And yet, over the past nearly-five years, it's somehow become my own place. Living in a foreign country with a fairly obscure language and sometimes a mysteriously different culture can be frustrating at times but there's just so much here that's impossible to find in one place anywhere else. Most of these are the sorts of things that don't cost money. For example, during my time here I've worked in three different offices, and each one has had sweeping views of mountains and bay. It's not possible to gawk at the view constantly during the work day but whenever I'm eating lunch on the Fridays when the rescue squads are practicing in the harbor, or look up while I'm on the phone to the cloud-spotted Esja, it's a spark of wonderful in my day.
At home, I can open the window on clear winter nights and take photos of the Northern Lights directly from my kitchen, resting the camera on the windowsill. Whenever it's stuffy, an open window brings a swirl of that only-in-Iceland air that's the first signal that I'm back when I arrive at the airport. It's that tap water I always miss when I'm in places like Paris, some of the most grungy-tasting water I've ever had in a major city.
On my way to work I often take the "long way", a 10 minute trip instead of 8 to my office. I wait at a stop light opposite a dry dock where I can watch the comings and goings of boat needing maintenance, then continue along a seaside road with the same huge view I enjoy all day at work. When I run, it's along similar paths where the wind is a near-constant training partner, but where the music of my run is the surf, accompanied by what might be some of the best sunrises and sunsets in the world.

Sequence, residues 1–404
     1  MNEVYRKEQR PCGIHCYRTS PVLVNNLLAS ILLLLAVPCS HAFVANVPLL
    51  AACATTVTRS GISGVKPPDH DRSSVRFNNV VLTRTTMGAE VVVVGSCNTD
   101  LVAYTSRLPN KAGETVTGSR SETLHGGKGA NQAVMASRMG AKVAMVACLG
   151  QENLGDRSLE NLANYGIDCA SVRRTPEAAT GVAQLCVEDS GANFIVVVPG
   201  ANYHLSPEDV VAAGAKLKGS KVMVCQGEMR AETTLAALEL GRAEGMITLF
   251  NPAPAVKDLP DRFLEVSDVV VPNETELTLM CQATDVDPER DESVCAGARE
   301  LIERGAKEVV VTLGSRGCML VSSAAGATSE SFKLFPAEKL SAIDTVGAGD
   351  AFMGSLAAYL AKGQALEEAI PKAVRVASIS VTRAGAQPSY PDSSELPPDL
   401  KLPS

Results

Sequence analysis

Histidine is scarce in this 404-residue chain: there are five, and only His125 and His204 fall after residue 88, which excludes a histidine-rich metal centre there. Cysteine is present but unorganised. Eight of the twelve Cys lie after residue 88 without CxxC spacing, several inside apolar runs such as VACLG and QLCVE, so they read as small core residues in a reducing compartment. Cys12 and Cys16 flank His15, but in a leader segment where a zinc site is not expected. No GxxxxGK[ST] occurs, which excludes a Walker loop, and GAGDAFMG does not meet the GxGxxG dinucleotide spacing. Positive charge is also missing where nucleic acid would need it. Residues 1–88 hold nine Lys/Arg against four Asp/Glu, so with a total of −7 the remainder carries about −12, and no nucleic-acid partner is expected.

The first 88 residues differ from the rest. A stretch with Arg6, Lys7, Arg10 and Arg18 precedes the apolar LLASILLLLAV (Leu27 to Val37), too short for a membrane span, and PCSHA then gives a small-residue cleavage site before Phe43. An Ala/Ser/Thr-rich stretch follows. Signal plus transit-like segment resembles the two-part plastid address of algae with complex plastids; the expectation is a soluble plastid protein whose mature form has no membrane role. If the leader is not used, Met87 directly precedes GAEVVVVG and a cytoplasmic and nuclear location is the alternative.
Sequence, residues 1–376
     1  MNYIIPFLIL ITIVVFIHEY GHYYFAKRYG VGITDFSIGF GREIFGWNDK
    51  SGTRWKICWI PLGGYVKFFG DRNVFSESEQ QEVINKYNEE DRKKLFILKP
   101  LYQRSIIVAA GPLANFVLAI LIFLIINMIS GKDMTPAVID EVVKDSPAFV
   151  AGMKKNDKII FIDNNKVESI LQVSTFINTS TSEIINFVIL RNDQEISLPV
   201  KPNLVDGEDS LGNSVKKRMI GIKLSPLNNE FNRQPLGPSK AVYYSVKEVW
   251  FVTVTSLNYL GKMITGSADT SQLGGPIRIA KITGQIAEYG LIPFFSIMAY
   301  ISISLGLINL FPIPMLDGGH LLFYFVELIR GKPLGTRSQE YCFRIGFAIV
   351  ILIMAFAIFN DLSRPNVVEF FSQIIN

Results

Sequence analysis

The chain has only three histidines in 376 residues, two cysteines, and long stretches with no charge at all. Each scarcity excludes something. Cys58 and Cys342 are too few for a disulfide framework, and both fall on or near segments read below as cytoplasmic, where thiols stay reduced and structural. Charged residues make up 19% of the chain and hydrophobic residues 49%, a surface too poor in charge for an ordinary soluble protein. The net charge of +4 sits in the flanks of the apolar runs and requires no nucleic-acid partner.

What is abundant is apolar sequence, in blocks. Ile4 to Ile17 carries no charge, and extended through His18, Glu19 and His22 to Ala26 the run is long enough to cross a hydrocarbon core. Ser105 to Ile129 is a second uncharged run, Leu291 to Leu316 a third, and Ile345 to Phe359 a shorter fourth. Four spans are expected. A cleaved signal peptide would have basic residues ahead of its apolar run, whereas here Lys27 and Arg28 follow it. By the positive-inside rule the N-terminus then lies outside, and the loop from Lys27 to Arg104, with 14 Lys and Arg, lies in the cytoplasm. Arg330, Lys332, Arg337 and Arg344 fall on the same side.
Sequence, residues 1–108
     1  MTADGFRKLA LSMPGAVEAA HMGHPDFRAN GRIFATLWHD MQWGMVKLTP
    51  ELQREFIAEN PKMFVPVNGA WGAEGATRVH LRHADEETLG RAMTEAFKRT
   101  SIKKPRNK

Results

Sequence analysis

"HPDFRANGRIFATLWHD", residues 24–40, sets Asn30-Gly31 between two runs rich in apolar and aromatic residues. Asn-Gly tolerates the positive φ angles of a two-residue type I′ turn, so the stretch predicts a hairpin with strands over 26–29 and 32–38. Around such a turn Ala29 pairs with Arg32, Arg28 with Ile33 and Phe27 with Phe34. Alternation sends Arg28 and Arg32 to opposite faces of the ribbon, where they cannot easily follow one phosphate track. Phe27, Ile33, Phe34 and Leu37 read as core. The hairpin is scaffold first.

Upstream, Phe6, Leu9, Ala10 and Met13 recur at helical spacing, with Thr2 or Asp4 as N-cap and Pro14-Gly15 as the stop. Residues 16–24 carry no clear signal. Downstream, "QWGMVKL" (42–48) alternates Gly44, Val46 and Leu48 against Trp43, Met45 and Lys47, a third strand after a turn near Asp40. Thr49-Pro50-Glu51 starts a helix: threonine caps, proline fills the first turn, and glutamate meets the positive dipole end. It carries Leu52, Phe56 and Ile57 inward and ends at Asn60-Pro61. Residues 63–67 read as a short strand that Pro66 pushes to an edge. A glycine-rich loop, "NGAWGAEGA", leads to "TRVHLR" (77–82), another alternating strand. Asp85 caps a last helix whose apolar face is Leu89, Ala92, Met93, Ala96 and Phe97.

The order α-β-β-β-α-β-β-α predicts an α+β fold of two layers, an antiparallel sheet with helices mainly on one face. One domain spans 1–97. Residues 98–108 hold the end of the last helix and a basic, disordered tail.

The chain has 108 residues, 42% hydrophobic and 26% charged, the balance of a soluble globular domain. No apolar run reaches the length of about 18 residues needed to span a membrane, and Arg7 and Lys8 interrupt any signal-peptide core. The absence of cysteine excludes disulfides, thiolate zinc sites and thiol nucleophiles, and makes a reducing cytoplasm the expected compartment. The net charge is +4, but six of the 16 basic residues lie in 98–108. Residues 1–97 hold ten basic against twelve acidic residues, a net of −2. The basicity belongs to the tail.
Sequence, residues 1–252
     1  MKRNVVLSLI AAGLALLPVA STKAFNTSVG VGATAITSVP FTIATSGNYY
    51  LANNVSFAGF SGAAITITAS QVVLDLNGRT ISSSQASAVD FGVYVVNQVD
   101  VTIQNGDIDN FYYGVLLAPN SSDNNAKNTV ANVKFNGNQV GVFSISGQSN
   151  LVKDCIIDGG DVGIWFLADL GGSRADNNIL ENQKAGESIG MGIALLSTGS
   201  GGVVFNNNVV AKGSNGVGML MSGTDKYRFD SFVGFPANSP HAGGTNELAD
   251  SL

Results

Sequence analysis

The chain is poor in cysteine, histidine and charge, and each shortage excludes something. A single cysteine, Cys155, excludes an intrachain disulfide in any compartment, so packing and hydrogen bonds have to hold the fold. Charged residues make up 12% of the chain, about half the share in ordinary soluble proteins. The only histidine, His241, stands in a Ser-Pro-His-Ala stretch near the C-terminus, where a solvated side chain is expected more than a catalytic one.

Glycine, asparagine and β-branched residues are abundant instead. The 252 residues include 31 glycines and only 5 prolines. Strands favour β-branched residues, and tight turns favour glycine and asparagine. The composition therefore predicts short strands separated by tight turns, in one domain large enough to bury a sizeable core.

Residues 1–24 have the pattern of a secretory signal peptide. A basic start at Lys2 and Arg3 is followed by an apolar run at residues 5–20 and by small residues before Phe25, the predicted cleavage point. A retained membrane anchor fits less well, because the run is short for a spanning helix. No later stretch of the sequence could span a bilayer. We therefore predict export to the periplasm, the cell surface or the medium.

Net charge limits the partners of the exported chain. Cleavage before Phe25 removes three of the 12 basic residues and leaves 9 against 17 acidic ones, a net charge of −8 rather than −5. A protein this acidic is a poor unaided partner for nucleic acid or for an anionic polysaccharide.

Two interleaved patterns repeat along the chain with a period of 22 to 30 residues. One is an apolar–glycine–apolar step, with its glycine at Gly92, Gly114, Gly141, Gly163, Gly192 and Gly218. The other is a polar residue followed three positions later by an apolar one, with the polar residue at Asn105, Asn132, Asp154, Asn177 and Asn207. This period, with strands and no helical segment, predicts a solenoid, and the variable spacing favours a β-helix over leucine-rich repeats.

A few Saturdays ago, I joined a sixsome on a trip whose goal was to hunt for hot pots and soak in as many of them as possible. Our first stop was a place I'd visited back in the autumn of 06 and hadn't been able to find again afterwards. A small shed offers basic changing room comforts, including a heated floor. From there, two different pots offer soaking options, or you can lie in a shallow pool where the water spills over and admire the view of the protected valley. It was a day when the sun finally felt like it had returned after the long darkness, so I lay for as long as possible in the gravelly pool with my toes turned to the sky. This is a good way to spend the weekend.
Then, let's not forget the people I've gotten to know here and who enrich the experience immeasurably. I've gotten lucky with a work environment that provides freedom, inspiration, and a trustworthy group of people who've been great companions on so many trips to Norway, Holland, and the UK. There are the Icelandic friends who've included me into their local traditions, festivities, and families, the cheerful choristers who've given so much Icelandic practice and companionship on trips all over the world. Then, there are the friends from other lands I've made here that can commiserate on how odd it can be as a foreigner here. Many of them have moved away but the connections continue as they revisit Iceland or I visit their new homelands.
The future here is definitely a bit unknown and the situation may require reassessment as the battles over IceSave and EU membership resolve, but for the time being I'm soaking up the returning sun and the dazzling view over the turquoise ocean to the snowed mountains. Simple things like that are what make life worthwhile to me.